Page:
Medical Research

Stony Brook University

Lilianne R. Mujica-Parodi, Ken Dill, Steven Skiena, Steven Stufflebeam, Jacob Hooker
Stony Brook, NY
June 2017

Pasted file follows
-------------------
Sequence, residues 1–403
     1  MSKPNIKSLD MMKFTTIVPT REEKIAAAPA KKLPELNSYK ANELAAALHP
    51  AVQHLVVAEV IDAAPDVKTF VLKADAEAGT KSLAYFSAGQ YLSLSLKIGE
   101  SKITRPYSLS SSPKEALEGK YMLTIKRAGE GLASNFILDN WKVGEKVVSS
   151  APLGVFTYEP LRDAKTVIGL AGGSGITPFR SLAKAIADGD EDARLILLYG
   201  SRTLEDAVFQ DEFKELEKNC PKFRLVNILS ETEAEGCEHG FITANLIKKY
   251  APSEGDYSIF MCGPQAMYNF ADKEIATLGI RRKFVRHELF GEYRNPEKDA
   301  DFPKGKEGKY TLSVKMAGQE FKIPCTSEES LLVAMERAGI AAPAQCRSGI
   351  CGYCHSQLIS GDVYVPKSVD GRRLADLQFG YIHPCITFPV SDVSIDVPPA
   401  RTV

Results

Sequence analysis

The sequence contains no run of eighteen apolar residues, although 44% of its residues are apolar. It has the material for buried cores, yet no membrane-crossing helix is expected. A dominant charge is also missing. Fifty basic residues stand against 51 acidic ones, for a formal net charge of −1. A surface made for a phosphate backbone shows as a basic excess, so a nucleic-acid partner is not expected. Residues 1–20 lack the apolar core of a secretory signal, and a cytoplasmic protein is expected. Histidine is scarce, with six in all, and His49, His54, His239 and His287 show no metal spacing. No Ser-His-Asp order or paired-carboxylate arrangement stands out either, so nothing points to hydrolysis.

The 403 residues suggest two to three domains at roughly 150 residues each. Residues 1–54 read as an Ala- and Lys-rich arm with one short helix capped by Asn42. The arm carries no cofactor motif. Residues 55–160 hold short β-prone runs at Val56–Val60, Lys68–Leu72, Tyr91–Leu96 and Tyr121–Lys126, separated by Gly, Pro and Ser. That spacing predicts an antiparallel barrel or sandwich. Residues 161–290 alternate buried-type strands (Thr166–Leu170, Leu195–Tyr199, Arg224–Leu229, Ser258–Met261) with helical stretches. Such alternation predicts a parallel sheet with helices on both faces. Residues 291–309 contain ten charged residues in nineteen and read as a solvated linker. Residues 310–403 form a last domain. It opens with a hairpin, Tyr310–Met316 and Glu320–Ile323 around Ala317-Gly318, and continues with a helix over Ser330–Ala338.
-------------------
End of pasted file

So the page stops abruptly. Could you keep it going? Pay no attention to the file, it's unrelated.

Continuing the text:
In moving towards the goal of personalized medicine, investigators at Stony Brook University in collaboration with researchers at Massachusetts General Hospital/Harvard Medical School approach brain network connectivity, assessed by functional magnetic resonance imaging (fMRI) and associated cognitive function, as a dynamic emergent phenomenon.  They plan to integrate human neuroimaging data (7-Tesla fMRI and positron emission tomography, the latter to measure nutrient consumption by brain cells) with multi-scale biomimetic modeling, to test hypotheses with respect to how energy constraints (from diet to mitochondria) affect neural efficiency with age.  The interdisciplinary team of researchers will also experimentally investigate the use of exogenous ketones, a fuel source that is alternative to glucose, as a way to ameliorate age-related effects.  Based upon single subject-specific parameters, models will predict how networks self-organize in response to changes in energy supply and demand, then will be compared against human network trajectories.  Using an iterative approach, in which human data provide feedback, informing the models, which then make predictions that are tested against the next individual’s data, models will eventually converge in predicting human network trajectories based upon individually variable parameters.  In addition to generating fundamental understanding of how nutrition of brain neurons affects cognitive capacity and aging in humans, the project could provide a critical first step towards personalized neurology.  This would be accomplished by simulating—for a single individual—the potential consequences of different dietary interventions in protecting the aging brain.

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